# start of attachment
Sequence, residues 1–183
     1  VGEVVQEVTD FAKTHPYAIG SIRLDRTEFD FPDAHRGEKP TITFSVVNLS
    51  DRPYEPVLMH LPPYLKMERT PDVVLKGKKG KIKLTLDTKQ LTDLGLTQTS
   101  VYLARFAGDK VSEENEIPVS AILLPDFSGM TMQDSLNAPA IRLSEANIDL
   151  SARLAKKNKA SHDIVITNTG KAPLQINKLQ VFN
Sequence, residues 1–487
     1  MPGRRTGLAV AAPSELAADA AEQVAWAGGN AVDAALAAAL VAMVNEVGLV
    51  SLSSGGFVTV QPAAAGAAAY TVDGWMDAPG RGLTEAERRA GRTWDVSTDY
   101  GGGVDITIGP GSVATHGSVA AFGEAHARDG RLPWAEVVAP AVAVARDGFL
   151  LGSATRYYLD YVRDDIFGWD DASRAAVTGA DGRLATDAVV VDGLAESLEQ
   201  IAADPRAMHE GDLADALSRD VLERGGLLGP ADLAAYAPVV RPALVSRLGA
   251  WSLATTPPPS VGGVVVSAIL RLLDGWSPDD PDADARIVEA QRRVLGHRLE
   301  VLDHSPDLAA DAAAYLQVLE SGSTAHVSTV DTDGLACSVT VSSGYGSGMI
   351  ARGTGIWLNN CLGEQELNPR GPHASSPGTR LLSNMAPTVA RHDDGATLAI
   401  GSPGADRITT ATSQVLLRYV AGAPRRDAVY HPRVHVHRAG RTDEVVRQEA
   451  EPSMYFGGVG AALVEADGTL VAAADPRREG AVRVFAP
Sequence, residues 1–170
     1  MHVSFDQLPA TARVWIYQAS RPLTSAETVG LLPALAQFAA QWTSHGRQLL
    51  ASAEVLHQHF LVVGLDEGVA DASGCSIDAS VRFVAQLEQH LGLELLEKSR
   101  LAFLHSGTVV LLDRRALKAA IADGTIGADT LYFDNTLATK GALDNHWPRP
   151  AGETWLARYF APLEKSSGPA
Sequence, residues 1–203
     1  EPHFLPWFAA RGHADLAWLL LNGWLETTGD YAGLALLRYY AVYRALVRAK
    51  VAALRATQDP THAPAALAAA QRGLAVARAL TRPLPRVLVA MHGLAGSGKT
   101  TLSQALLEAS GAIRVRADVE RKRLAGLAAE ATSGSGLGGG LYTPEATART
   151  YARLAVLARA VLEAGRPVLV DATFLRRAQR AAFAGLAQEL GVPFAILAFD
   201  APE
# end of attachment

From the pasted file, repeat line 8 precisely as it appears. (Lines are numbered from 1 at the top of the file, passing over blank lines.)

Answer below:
    51  SLSSGGFVTV QPAAAGAAAY TVDGWMDAPG RGLTEAERRA GRTWDVSTDY